The Zonta Club of Hiidenvesi, Finland, launched a stronger campaign than ever in their small town of Vihti, raising awareness through multiple channels.
Upon entering the town, there is a Zonta says NO to Violence Against Women billboard by the access route. If you take a walk in the center, you cannot miss one of several window displays.
The club also organized an event with the theme “Hope, no violence.” The keynote speaker was an MP who told of her touching childhood experiences with the violent marriage of her parents.
Presenters from the local church and social services gave a good overview of what kind of help is available for those who have a violent relationship. The feelings of hope were further reinforced by the music of local artists.
Additionally, the club engaged 14 prominent supporters from their community—some with a strong local presence like the chief officer municipal manager or the vicar—and some who are nationally well-known. They all stepped up to support the campaign and gave the club permission to use their photo in its campaign communications. These photos have been used in window displays, the local newspaper and in big social media communities reaching approximately 50% of the population.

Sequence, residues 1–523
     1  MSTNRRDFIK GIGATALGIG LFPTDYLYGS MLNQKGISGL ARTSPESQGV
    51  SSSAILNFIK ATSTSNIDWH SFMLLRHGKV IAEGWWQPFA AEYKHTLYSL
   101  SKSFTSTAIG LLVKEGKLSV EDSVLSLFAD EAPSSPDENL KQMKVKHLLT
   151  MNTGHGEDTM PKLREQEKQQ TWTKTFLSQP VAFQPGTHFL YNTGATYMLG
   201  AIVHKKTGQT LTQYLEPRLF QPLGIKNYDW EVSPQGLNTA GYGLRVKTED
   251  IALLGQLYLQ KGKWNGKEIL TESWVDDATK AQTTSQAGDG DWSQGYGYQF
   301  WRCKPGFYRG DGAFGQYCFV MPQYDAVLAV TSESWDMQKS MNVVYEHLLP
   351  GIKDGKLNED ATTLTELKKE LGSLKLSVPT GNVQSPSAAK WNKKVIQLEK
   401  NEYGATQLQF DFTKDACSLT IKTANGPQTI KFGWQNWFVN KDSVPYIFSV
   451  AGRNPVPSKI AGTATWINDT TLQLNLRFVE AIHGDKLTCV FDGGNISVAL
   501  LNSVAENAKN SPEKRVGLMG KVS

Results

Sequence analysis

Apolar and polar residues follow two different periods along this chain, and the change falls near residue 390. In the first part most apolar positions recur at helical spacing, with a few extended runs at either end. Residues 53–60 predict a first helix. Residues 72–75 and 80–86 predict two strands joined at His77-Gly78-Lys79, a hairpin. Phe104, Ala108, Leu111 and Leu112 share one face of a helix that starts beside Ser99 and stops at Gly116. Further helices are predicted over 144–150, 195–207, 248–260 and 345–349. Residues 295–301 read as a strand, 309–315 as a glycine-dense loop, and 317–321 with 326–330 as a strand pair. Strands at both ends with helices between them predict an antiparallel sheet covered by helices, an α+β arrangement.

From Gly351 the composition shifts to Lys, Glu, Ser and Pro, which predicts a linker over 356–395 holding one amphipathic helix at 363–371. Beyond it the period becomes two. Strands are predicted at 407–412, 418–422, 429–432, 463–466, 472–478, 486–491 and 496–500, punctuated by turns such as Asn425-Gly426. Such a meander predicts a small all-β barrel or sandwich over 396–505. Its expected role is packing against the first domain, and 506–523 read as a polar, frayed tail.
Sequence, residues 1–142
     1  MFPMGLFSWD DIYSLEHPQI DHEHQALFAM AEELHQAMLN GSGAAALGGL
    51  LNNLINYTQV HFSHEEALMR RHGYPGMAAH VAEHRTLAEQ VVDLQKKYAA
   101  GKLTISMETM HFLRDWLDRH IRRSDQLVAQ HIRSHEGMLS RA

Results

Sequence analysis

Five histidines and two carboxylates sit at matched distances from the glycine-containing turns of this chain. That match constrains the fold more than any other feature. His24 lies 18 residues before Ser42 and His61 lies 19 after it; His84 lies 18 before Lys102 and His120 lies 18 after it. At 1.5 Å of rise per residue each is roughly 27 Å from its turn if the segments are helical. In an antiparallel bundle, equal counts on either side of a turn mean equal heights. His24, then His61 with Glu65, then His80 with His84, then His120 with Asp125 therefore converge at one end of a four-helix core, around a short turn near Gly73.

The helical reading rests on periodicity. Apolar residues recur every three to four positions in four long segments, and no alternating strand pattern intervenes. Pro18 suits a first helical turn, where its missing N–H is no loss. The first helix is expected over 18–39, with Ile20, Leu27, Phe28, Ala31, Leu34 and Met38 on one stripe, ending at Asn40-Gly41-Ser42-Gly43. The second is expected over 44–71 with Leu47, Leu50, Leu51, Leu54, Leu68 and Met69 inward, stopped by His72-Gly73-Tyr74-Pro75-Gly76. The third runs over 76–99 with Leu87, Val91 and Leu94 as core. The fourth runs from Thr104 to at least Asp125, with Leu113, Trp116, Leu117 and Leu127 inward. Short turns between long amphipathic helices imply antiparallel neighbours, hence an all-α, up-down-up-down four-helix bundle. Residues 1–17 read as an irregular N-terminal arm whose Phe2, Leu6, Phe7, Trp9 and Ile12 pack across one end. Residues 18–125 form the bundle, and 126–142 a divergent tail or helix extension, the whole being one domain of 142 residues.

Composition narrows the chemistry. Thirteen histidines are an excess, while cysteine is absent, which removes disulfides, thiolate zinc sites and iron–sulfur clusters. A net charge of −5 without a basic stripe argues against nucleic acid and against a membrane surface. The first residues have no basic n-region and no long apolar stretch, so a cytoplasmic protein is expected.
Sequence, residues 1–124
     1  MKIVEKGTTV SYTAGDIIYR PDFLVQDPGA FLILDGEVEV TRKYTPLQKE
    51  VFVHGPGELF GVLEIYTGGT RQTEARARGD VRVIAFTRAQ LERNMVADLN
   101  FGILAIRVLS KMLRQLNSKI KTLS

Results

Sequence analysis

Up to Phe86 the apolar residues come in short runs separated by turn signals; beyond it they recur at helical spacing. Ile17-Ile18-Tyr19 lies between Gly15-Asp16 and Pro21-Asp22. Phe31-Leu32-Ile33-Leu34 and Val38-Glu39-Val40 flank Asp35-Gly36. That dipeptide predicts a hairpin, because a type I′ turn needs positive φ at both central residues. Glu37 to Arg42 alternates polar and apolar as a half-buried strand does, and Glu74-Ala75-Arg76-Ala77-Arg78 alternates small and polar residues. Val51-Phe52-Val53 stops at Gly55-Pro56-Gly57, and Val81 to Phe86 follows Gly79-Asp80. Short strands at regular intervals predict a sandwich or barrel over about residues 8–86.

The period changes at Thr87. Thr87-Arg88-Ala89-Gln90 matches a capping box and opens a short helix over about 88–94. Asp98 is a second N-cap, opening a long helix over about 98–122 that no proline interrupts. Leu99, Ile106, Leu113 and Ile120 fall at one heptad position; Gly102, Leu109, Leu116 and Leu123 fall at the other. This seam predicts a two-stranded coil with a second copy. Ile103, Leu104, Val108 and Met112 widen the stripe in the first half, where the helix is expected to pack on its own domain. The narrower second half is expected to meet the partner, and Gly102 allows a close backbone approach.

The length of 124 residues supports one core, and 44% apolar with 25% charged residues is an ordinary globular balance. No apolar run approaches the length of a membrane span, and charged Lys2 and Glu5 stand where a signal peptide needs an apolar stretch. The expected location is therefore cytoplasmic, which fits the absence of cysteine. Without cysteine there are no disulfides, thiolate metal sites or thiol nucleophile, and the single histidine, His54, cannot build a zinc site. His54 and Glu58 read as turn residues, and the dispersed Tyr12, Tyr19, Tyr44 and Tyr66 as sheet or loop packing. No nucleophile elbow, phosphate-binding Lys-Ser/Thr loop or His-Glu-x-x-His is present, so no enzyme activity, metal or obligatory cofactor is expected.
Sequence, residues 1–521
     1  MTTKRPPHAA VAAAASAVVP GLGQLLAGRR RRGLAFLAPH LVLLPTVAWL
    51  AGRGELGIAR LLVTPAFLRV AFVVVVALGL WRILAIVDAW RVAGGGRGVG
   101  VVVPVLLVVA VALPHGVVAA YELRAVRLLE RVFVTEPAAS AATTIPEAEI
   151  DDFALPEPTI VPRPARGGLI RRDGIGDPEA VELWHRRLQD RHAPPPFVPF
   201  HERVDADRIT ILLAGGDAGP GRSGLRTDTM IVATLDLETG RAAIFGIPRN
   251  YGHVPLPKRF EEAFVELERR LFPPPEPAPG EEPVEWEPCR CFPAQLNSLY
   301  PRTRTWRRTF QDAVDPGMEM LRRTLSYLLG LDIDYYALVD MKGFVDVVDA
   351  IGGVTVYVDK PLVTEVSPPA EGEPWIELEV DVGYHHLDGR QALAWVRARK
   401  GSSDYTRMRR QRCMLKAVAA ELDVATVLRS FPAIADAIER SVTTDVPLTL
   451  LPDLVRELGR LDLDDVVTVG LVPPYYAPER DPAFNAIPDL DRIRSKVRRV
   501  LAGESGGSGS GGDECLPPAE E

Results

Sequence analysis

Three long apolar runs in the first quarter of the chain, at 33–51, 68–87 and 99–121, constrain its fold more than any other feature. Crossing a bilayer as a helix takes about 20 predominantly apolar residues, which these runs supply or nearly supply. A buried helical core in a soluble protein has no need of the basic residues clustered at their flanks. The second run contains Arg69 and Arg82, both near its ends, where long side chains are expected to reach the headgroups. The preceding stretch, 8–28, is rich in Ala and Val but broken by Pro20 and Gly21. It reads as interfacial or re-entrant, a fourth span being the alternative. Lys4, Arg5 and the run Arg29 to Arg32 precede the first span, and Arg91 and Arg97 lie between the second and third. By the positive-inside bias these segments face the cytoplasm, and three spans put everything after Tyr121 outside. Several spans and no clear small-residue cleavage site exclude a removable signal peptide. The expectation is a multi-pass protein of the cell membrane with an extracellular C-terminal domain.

On 28 November, the Zonta Club of Cebu II, Philippines, held a seminar/workshop that focused on blaming the perpetrator of gender-based violence instead of the survivor, establishing a referral network, and collective efforts to stop the violence.
Female police officers assigned to the Women and Children Protection Unit (WCPU) of the Philippine National Police (PNP) in different cities and municipalities of Region 7 participated in the workshop, titled “Strengthening PNP WCPU through Gender-Responsive Delivery of Service to VAWC Survivors.”
The workshop was conducted by attorney Myles Gonzales-Esquivel, executive director of Miriam College Child Rights Advocacy Center and legal consultant of Child Protection Unit-Philippine General Hospital. She is also a member of the Philippine Commission on Women.
The goal of the workshop was to equip service providers and front-line workers with techniques to provide gender-responsive delivery of services. Gender-responsive service providers practice continuum care, respect, informed consent, non-judgmental attitude and gender-fair language.
People should not engage in victim-blaming, a devaluing act that occurs when the victim or victims of a crime or an accident is held responsible, in whole or in part, for the crimes that have been committed against them, Gonzales-Esquivel emphasized.
“It is important to keep in mind that a person who has been affected by gender-based violence is never responsible for the perpetrator’s action. The responsibility and the accountability should be given to the perpetrator of violence and not to the victim-survivor,” she said.